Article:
So we can use dynamic for the PVS vDisks then, right?  That’s a fair assumption to make at this point, but there’s one more thing we need to know first.  Does PVS add anything to the beginning or end of the VHD like an extra header or footer?  Does the PVS VHD really have a “different internal structure” and not follow the VHD specification (possibly causing alignment issues resulting in poor performance)?  Do we grow the PVS VHD in non-standard block sizes or something?  I checked with our PVS Product Architect and PVS LCM team on this and the answers are NO to all of these.   And this is probably where even more of the confusion comes from…while we do add some PVS-specific info to the vDisk, we don’t add it to the actual VHD file.  We use the PVP file (which is the “properties” file left over from the Ardence days) to store this “side-car” info that is unique to PVS and PVS only.  But that’s good news because we simply follow the VHD specification for dynamic disks and we grow the VHD in 2 MB or 16 MB chunks (which you can specify when you create the dynamic vDisk in the PVS GUI).  And while there is a header and footer in the VHD, it’s not PVS-specific and I’ve confirmed we don’t extend the header or footer…it’s simply the header and footer used in all dynamic disks according to the PVS spec defined by our friends at MSFT.  And let’s remember…it’s not like we are really writing or expanding this standard mode PVS VHD file anyway, right? We only initially read from disk after reboots and suck everything into system cache (memory) as soon as we can, so we are barely even touching the actual VHD file in the steady state.  If we were leveraging PVS with private mode images (which are read+write), then it might be a different story here and dynamic could be bad.  But 99% of the time we are doing standard mode images and we’re going to serve everything from memory as opposed to disk in the steady-state.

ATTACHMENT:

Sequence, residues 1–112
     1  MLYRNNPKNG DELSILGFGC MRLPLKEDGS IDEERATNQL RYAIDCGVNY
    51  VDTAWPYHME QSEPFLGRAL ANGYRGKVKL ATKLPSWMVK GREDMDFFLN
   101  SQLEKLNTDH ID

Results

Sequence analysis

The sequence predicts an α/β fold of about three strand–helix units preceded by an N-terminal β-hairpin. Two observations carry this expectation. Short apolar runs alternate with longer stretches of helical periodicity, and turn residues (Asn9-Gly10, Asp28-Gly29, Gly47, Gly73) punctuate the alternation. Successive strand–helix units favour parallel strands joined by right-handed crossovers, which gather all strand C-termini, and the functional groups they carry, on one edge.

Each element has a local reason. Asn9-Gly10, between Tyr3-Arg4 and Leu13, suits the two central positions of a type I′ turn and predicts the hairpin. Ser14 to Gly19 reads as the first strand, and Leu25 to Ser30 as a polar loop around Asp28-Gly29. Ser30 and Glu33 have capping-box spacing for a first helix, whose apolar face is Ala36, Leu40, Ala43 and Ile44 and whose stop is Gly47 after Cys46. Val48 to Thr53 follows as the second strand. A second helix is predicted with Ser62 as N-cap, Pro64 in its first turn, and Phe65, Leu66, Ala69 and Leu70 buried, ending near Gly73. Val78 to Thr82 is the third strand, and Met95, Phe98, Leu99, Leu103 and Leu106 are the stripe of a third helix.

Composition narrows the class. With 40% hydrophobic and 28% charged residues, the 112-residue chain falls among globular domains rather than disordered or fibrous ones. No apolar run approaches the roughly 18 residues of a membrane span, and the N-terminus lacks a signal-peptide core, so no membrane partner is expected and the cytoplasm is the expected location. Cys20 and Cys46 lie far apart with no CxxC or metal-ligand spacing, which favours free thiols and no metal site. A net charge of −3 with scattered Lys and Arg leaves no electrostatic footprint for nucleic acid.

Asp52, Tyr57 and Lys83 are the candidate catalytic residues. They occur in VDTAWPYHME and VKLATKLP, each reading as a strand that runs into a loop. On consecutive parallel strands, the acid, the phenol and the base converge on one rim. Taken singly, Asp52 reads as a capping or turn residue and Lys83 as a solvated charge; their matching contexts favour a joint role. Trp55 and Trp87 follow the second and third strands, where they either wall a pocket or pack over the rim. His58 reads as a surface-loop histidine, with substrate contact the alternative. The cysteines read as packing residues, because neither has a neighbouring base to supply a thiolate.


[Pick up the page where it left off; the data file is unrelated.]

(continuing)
So now I can safely recommend to use dynamic VHDs with PVS – even in production environments! Not only will you save a lot of time when doing things like vDisk updates, backups, copies, etc.  But you’ll also save a lot of money on storage costs by reclaiming all that white space!  And going with dynamic (versus the old best practice of fixed) could mean the difference between using extremely cheap local storage on a blade versus expensive drives on a SAN.  And most importantly, we don’t sacrifice performance when using dynamic vDisks because PVS is special.

Remember, if we have a correctly designed PVS environment, then we’re caching the contents of the vDisk in memory and barely ever touching the disk or VHD file.  And the fact that we’re using standard mode images means we’re not actually writing to that VHD file.  And lastly, all of our PVS-specific info is contained in a separate properties file (PVP) – we simply follow the VHD specification in terms of how we store the OS image inside a dynamic VHD and we grow/expand the VHD according to MSFT best practices as well.

I really hope this clears up any confusion (and I’ll make sure this “new best practice” is reflected in our documentation).  I’d like to personally thank Jarian GibsonJoe Shonk and Thorsten Rood for bringing this to my attention at BriForum last summer (and questioning our best practices, frankly).  This should save our customers a lot of time and money as I said above…while getting the same performance we know, love and expect from fixed vDisks.

Cheers, Nick

Nick Rintalan, Senior Architect, Citrix Consulting